Boring and benign or fair and balanced? Raghunath, Lead Consultant HLB HAMT examines what India’s Budget 2016-17 offers


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    In many ways, India’s Budget 2016, lacks that one element which seems to be all prevalent in Prime Minister Narendra Modi’s India – Glamour. For a Government that has repeatedly been perceived to be a pro-Corporate “suit-boot ki sarkar”, Budget 2016 has seen a remarkable shift towards getting the fundamentals of the economy in order.

    Finance Minister Arun Jaitley has taken pride in the fact that India has been recognized by the IMF as one of the bright spots in today’s crisis-laden global economy. Predictably, he also takes a dig at the previous Congress regime under whose last tenure the economy went through a rough patch. The Finance Minister has specified “nine pillars” for India, which will be focus areas for the Government – Agriculture, Rural sector, Social sector, Education and job creation, Infrastructure investment, financial sector reforms, Governance and ease of doing business, Fiscal discipline and Tax reforms.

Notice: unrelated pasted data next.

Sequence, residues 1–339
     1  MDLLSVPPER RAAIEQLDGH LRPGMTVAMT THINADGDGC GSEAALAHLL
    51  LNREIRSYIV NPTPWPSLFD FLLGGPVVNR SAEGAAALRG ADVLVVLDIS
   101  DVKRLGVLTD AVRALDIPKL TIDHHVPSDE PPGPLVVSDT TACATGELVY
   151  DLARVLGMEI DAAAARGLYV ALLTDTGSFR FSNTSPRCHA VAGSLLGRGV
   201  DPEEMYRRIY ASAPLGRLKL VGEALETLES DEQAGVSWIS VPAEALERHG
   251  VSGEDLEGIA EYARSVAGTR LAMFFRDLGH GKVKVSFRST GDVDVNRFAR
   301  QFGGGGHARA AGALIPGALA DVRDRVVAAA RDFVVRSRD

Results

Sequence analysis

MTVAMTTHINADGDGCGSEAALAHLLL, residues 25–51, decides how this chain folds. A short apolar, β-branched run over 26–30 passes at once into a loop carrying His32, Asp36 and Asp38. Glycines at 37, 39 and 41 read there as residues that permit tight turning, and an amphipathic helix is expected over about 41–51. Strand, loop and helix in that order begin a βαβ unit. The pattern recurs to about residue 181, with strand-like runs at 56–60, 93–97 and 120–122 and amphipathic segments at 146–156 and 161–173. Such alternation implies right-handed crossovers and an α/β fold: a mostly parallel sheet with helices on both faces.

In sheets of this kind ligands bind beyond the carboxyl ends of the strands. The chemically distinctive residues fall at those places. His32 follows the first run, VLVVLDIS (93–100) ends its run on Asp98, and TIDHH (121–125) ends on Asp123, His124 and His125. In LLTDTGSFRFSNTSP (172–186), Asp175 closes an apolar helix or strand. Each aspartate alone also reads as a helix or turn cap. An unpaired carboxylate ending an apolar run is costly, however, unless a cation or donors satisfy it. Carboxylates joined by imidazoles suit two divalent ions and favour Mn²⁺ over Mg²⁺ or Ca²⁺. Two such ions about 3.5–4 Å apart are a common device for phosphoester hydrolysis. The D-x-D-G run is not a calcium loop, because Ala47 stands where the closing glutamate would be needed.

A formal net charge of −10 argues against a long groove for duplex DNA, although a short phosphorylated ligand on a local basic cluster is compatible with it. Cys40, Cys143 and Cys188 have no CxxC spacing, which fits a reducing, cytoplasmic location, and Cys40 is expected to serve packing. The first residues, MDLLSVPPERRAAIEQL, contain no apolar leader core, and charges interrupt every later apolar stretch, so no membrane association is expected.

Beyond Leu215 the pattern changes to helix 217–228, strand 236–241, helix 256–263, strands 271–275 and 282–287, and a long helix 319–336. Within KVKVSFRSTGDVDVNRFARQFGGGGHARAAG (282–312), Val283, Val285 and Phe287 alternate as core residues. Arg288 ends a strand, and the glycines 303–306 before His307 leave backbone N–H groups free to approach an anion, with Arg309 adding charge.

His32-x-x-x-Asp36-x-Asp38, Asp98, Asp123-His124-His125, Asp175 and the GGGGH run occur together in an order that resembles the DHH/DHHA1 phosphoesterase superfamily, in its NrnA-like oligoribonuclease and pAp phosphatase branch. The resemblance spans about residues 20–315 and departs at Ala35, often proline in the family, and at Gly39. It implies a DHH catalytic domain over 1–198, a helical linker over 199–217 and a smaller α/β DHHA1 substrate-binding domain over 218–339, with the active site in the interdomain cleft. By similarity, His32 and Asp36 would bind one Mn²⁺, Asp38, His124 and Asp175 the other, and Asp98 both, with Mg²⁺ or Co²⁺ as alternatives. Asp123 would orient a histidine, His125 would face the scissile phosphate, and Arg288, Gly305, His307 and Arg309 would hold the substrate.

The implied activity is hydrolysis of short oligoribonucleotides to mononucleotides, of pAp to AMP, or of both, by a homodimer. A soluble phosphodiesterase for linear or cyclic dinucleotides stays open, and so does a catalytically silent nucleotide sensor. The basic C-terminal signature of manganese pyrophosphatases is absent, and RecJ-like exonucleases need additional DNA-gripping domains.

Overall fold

Highlights of this budget include:

    Focus on Rural India

    • Rs.15,000 crore agricultural loan write off
    • Gram Swaraj Abhiyan launched with Rs.566 crore corpus
    • E-market platforms for farmers to connect to the wholesale agricultural market
    • Rs.87,757 crore allocation for the social sector including plans to launch a farm irrigation fund, and further drought protection schemes
    • Rs.38,700 crore set aside for MNREGA in FY2017, to aid increased rural consumption
    • E-procurement of agricultural produce for B2B and B2C trade
    • Logistical inputs through the Gram Sadak Yojana to ensure prompt deliveries for e-purchased commodities

    Reduction in disinvestment plans

    • Disinvestment target lowered to Rs.56,500 crore for FY 2017-18 from Rs.69,500 crore planned for 2016-17, to be more in line with reality
    • The amount to be split between Rs.36,500 crores of minority stake in PSUs and Rs.20,000 crores from strategic sales

    Infrastructure focus and increased outlay

    • Total outlay for road and rail development of Rs.2,18,000 crore for 2016-17
    • Of this, road outlay alone is Rs.167,000 crores. Of this, R.97,000 crores is towards the rural project of Gram Sadak Yojana . From the remainder of Rs.70,000 crores, Rs.55,000 crores is budgetary allocation and Rs.15,000 crores is to be raised from bond issues

    Actions on PSU banks

    • Bank recapitalization target of Rs.25,000 crores and possible mergers among PSU banks
    • Niti Aayog to identify bank assets for possible sale

    Cooking Gas Scheme

    • Universal cooking gas distribution scheme launched at Rs.2,000 crore to cover 5 crore BPL households in two years

    Taxes and Excise